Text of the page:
Using A DNA-Based ‘Computer,’ Scientists Get The Square Root Of 900

Using A DNA-Based ‘Computer,’ Scientists Get The Square Root Of 900
DNA (Graphic: Geoff Hutchison, <a href="">Flickr</a>)

Using a computer-like system made from engineered DNA, scientists have computed the square root of 900.

Biologists have proposed using genetic material for performing computations since as early as 1994. Since then, they’ve found ways to store bits of information in DNA and manipulate those bits via the same rules of logic that computers use. But, according to a recent paper in the journal Small, it’s difficult to integrate this logic into a circuit that can perform difficult mathematical operations. The researchers think their platform is a step toward a future of DNA-based computers that might even supplant silicon.

“DNA computing is still in its infancy, but holds great promises for solving problems that are too difficult or even impossible to handle by current silicon-based computers,” Chunlei Guo, one of the study’s authors from the University of Rochester, told Gizmodo in an email.

The computer is basically a vial of custom DNA strands designed to connect with more custom DNA strands that serve as the input, and then fluoresce with a combination of up to five different wavelengths of light, based on which DNA strands are present. Unlike your computer, which represents bits as the presence or lack of voltage in a transistor, this system represents each unique bit as the presence or lack of an entire corresponding strand of DNA. This means that to calculate the square root of 1, you just put in strand A, but calculating the square root of 484, which is represented in binary as 0111100100, would require inputting strands C, F, G, H, and I to represent the 1s and leaving out the A, B, D, E, and J strands to represent the 0s.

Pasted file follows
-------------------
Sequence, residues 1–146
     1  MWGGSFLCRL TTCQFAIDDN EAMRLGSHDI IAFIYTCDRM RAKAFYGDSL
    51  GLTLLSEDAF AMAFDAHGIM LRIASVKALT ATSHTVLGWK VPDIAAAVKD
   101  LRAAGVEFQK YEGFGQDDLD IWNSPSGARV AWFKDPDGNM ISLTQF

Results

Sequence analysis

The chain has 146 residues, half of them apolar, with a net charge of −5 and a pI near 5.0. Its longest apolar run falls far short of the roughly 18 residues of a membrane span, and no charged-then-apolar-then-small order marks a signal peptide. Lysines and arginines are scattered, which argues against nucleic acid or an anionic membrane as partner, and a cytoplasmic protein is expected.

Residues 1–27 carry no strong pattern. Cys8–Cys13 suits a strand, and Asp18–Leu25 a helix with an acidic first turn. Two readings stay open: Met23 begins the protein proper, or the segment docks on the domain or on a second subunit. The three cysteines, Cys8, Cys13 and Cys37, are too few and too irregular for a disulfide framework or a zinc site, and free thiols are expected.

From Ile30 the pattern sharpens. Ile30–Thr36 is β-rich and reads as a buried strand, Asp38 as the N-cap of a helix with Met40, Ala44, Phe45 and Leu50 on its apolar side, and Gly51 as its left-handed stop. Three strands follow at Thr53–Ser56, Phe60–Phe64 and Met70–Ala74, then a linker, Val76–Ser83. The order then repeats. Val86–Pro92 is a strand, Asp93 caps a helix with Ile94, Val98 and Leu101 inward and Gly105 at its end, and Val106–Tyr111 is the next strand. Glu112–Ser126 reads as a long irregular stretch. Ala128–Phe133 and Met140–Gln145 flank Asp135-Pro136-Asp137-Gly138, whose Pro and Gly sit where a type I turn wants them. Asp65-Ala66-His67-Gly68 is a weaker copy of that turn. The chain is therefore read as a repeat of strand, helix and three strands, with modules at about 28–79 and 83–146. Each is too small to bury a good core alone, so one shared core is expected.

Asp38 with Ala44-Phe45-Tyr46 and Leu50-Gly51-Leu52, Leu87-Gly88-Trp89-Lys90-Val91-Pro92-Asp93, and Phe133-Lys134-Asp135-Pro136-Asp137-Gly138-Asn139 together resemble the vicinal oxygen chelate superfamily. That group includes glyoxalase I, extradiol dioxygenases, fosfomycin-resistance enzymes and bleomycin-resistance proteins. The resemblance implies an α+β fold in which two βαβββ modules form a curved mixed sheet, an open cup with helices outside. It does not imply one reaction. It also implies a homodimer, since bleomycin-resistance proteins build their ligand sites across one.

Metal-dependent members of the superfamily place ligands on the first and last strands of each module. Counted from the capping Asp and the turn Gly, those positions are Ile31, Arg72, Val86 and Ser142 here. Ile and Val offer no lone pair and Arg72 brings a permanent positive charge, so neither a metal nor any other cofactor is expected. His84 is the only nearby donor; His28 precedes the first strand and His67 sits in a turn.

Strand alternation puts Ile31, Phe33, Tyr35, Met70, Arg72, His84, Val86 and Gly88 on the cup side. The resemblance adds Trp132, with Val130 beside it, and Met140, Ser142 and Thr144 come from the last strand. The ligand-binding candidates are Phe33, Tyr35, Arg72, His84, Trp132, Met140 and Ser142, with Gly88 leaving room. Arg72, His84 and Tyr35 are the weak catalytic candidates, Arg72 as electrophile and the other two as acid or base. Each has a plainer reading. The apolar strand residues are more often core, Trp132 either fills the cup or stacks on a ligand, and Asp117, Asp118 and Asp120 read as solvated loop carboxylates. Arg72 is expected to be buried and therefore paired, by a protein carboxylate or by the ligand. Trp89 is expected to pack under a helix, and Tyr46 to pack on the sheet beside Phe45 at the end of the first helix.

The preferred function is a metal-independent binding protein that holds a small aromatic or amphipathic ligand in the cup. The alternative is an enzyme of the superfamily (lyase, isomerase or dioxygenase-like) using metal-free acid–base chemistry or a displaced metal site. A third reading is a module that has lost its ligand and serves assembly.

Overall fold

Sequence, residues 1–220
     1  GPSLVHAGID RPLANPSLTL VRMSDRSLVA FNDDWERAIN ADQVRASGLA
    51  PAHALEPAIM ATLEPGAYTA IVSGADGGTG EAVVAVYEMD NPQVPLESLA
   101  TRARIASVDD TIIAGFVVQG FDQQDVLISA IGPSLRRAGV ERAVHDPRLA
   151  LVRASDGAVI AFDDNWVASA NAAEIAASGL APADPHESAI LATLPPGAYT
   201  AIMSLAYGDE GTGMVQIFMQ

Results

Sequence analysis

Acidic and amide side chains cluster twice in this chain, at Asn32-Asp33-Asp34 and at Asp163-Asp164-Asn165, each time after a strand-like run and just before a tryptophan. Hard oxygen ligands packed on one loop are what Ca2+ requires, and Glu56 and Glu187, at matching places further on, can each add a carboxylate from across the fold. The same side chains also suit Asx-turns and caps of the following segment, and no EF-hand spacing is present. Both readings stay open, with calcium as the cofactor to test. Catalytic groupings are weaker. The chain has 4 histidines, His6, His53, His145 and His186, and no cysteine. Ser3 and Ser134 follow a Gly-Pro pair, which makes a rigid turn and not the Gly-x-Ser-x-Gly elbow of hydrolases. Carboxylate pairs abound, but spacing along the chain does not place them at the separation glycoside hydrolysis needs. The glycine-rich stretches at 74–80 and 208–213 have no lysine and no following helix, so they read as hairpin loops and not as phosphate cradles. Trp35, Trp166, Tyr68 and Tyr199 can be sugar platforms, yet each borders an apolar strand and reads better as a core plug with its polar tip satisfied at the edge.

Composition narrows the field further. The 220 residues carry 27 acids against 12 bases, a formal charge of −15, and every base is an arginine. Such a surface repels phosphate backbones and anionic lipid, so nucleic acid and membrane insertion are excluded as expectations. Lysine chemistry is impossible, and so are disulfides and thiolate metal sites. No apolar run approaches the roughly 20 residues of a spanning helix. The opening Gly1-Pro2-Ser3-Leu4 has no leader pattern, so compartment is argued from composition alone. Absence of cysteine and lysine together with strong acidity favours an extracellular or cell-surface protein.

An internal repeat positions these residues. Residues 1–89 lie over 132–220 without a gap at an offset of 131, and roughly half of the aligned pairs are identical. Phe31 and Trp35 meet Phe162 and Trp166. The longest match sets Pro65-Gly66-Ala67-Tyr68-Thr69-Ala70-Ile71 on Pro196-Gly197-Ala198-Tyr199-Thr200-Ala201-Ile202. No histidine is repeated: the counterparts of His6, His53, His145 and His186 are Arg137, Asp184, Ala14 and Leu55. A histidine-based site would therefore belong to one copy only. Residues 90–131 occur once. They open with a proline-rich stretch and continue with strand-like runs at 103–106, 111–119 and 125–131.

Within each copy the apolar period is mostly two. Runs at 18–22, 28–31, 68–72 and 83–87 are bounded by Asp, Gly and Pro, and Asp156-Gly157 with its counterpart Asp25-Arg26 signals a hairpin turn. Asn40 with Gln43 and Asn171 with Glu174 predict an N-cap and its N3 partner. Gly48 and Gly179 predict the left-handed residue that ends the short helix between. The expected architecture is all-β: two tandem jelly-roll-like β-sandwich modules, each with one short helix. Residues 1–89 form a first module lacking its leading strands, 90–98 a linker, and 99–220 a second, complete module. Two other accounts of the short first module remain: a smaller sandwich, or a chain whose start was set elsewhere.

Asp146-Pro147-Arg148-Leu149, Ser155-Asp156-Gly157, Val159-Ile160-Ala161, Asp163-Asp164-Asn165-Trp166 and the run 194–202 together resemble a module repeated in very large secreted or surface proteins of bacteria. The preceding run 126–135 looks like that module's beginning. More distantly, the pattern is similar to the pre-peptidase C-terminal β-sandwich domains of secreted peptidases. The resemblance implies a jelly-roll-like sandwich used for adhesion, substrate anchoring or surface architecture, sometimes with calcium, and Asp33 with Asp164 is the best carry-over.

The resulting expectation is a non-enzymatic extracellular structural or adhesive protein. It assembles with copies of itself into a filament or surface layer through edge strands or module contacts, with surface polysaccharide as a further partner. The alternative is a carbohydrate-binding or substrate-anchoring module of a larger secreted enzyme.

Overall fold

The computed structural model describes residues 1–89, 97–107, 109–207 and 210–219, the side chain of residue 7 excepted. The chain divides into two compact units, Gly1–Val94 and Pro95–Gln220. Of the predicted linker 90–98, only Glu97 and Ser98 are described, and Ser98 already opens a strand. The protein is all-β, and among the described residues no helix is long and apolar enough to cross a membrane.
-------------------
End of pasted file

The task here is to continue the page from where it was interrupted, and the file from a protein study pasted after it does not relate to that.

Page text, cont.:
Based on these inputs, the platform fluoresces with one or more of five possible wavelengths of light—blue, orange, mustard, red, and green—which represent the five-digit outputs. The presence or absence of these wavelengths represents binary digits 1 and 0, respectively. So in the case of 484, they input 0111100100 (adding C, F, G, H, and I for the 1s and leaving out A, B, D, E, and J for the 0s), which results in an output of blue light, mustard light, and red light, but no green or orange light, to represent the five-bit binary number 10110 (aka 22, the square root of 484).

Ten binary digits can represent numbers up to 1,023. The researchers were able to compute square roots up to 900, the highest perfect square that they could represent with this system.

This isn’t a calculator and cannot do maths; it’s a single-purpose system that uses tables to translate a selection of DNA strands into a corresponding light pattern. It’s also just one of several different ways to turn DNA into a computer; other methods incorporate enzymes or self-assembling DNA strands.

Still, such a system is difficult to create and requires each input is specially encoded so as not to react with the other inputs or produce an erroneous result. The researchers hope that one day, based on this design concept, that they can perform more complex maths.